Understanding Balsamic Vinegar


More or less thirty years ago, Balsamics Vinegar were just getting known in the U.S.Italy
Traditional Balsamic Vinegar weren’t even available for purchase but had to be given as gifts from Italian friends. Today you are enriched with great products available at specialty stores and online, but sadly, most people have had only the imitation product. Given that balsamic vinegar is one of the great pleasures of the food world, seeking out an authentic bottle is well worth the time and expense. You have to learn how to read labels, ask, and then ask again. But, as with learning about wines, once you come up the curve a bit, the rewards are spectacular.
Gleaming dark brown in color with an intensely fruity aroma and an exquisite sweet-and-tart flavor, authentic Aceto Balsamico”Balsamic Vinegar” is a specialty of the Emilia-Romagna region of northern Italy. It is made specifically in the provinces of Modena and Reggio Emilia and is often credited as originating in the city of Modena. Today it is protected with a D.O.P. designation (P.D.O.) only vinegar made in the region can be called balsamic.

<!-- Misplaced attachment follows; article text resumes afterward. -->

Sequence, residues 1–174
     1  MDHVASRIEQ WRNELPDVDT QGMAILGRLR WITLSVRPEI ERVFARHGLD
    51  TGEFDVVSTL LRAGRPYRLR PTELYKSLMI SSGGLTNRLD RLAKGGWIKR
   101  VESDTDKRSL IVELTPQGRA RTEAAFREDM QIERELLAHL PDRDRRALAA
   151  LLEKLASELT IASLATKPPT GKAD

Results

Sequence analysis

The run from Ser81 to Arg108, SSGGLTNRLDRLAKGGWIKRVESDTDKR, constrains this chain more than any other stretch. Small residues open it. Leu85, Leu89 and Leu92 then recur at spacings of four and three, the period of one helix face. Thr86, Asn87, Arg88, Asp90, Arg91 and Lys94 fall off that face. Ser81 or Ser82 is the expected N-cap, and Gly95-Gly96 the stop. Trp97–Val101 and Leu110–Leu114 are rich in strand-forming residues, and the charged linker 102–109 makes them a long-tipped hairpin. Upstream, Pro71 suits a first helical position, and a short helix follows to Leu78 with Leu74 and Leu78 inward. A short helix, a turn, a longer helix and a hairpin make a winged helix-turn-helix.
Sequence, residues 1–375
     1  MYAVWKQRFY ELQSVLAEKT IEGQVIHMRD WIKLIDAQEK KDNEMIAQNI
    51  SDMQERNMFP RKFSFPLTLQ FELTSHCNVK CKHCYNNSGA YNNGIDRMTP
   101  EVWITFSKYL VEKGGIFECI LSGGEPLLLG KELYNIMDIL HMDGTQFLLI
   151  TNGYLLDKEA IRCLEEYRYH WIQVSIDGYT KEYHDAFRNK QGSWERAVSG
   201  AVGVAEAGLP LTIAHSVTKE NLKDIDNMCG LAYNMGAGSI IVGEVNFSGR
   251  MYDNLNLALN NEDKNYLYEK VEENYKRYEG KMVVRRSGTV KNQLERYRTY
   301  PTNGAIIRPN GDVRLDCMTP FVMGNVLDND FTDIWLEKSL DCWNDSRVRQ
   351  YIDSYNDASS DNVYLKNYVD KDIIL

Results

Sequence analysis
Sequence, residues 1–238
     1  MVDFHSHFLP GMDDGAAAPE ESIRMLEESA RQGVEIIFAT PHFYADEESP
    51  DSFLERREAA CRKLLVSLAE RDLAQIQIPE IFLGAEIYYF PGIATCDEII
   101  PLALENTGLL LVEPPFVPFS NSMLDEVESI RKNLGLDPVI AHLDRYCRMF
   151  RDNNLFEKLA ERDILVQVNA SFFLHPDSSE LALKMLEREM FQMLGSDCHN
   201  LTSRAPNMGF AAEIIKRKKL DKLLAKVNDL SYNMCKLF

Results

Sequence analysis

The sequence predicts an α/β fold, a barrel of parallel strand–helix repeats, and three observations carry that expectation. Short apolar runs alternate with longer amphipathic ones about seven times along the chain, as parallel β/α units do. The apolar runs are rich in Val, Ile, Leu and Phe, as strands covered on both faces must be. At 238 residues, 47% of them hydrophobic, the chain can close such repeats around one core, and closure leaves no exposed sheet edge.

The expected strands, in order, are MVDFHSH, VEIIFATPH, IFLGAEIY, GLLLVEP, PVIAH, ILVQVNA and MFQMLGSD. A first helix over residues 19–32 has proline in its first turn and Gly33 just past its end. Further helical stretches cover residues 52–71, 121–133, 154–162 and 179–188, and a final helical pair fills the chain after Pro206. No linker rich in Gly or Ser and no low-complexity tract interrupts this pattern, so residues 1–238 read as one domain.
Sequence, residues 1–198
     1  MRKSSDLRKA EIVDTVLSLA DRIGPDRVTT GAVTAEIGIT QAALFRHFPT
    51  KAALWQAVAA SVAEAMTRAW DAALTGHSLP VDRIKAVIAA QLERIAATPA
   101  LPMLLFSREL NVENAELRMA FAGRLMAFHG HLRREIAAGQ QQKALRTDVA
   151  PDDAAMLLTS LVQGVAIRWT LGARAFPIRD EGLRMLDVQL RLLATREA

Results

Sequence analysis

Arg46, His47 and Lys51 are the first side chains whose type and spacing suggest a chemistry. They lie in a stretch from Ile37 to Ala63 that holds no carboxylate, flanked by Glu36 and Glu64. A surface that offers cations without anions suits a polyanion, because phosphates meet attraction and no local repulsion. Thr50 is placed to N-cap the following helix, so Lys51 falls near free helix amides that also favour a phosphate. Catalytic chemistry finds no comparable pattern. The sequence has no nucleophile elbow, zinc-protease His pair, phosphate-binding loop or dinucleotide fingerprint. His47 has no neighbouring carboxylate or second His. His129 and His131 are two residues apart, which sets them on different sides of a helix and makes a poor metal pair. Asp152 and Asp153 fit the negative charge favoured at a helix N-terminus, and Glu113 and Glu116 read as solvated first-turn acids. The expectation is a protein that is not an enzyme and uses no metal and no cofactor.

How many kinds of balsamic vinegar are there?


Traditional Balsamic Vinegar of Modena PDO:
is made in Modena using artisan methods established in the Renaissance and dating back to the middle Ages. Production of traditional is strictly monitored by a consortium. To be assured of buying authentic balsamic vinegar, look for the seals of the traditional Consortium and the original round bottle. This balsamic is produced wit one ingredient: cooked grapes must from Modena. The best and rarest: Only about 3,000 gallons are produced each year, carefully tracked by producer by the Consorzio. With its rich flavor and sweet and balance, there is acidity but no acidic taste. The flavor should be the perfect blend of sweet and tart. The color is brown-black and when the bottle is tipped, the vinegar should leave a slick on the side of the glass. The unique taste of this wonderful product helps to allay the sticker shock. You can pay $ 70,00 to $ 500,00 and more for a bottle, depending on the age (12 years to 70 years, 20 to 30 years is common).